Jesus' Assertion of Divinity
by Lawrence W. Hilliard

"Without Jesus Christ the world could not continue; for it must needs be destroyed or become a very hell."
—Pascal, Pensees 12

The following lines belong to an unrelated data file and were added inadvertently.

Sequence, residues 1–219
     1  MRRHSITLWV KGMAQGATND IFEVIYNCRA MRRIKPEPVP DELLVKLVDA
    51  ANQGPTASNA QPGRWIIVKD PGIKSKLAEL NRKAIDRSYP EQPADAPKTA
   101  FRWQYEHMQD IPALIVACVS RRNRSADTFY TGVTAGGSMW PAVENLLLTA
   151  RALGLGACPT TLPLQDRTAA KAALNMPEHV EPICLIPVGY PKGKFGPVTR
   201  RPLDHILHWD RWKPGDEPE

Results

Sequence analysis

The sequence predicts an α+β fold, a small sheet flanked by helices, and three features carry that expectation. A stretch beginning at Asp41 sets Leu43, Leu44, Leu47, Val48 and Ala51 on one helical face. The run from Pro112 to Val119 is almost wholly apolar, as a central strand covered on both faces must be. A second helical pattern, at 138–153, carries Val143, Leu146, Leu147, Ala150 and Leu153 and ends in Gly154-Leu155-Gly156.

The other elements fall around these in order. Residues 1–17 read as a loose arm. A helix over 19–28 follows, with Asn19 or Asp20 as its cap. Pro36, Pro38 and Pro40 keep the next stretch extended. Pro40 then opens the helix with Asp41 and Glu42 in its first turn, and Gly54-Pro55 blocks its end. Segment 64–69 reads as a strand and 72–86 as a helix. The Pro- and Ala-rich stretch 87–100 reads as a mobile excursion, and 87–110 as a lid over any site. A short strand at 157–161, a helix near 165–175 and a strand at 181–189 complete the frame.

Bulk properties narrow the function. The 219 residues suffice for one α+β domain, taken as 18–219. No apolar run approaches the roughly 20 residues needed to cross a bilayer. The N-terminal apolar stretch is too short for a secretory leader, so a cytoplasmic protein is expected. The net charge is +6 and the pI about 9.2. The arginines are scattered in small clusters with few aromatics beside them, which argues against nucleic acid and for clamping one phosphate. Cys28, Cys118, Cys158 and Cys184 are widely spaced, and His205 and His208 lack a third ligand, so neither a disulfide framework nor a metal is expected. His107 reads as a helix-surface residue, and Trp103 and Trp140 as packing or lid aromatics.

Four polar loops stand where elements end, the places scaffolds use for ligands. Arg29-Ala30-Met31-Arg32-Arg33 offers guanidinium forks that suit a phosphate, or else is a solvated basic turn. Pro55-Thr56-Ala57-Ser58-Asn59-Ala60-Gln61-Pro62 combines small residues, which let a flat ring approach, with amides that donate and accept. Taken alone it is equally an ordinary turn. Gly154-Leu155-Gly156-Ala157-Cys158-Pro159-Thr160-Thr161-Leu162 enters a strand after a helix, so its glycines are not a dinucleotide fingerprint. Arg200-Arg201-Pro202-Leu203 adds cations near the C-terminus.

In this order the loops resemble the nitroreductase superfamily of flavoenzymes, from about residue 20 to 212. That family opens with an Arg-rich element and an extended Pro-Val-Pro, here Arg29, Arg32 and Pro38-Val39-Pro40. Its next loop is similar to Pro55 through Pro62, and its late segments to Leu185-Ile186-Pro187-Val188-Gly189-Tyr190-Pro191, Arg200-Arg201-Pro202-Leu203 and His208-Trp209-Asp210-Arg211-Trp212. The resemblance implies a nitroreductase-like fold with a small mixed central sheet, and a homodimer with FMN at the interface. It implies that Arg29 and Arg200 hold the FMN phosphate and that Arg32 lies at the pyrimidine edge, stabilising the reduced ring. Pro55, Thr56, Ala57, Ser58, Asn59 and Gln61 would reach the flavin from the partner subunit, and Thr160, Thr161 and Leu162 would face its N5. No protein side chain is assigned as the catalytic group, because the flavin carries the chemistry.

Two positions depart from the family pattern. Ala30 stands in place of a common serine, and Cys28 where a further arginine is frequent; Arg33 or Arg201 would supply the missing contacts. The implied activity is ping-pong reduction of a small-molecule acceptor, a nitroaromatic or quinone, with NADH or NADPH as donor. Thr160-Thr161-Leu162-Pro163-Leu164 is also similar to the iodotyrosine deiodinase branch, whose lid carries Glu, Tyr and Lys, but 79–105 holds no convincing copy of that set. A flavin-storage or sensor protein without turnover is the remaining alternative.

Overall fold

Foremost among the dominical sayings of Jesus is his assertion of Deity. In John 8:53-59 Jesus asserts his supremacy to Abraham. He unequivocally declares that he is by nature greater than Abraham, as to preexistence [before Abraham] and futurity [Abraham saw his day]. This assertion shocked his contemporaries, for Abraham was accorded the highest accolades and status in all Jewish literature. To a Jew who gloried in the truth that he was a "son of Abraham," this was a heinous declaration of blasphemy deserving of execution by stoning. The Patriarch Abraham was considered the stellar personality of all Judaic history. Though God was the maker and possessor of all the world [Gen. 14:19, 22], Abraham was considered a special possession of God, "Five possessions the Holy One, blessed be He, made especially His own in His universe, the Torah, heaven and earth, Abraham, Israel, and the Temple." (Pirke Aboth) The earth and mankind were created for the sake of Abraham. R. Joshua b. Karha and R. Azariah said: "The world was created for the sake of Abraham. As to this great mass [i.e., the earth], for what end is it here? For the sake of Abraham, as it is said, 'Thou hast made the heaven and the earth, and thou didst choose Abraham.' [Neh.9:6, 7]." (Gen. R., Ber., XXII, 9.) "God created man for the sake of Abraham." (Gen. R., Ber., XV, 4.) Because Abraham was a great maker of proselytes, he was esteemed by God as a co-partner in the creation of the world. So God said to Abraham, "My name was not known to my creatures: as you made me known to my creatures, so I regard it as if you had been in partnership with me in the creation of the world." (Gen. R., Lek leka XLIII, 7.) Abraham was said to have established God's kingship over all the world. "But since the time our father Abraham entered the world, he made Him King over the earth; as it is said, 'I make thee swear by the Lord, the God of heaven and the God of the earth.'" (Sifra Deut. section 313;134b.) Abraham keeps the whole Torah as yet unwritten. (Jub. 16:28) He belongs to the righteous who have not sinned. "So thou, Lord God of the righteous didst not appoint repentance for Abraham, Isaac, and Jacob, who were righteous and did not sin against thee." (Prayer of Manasseh, 8).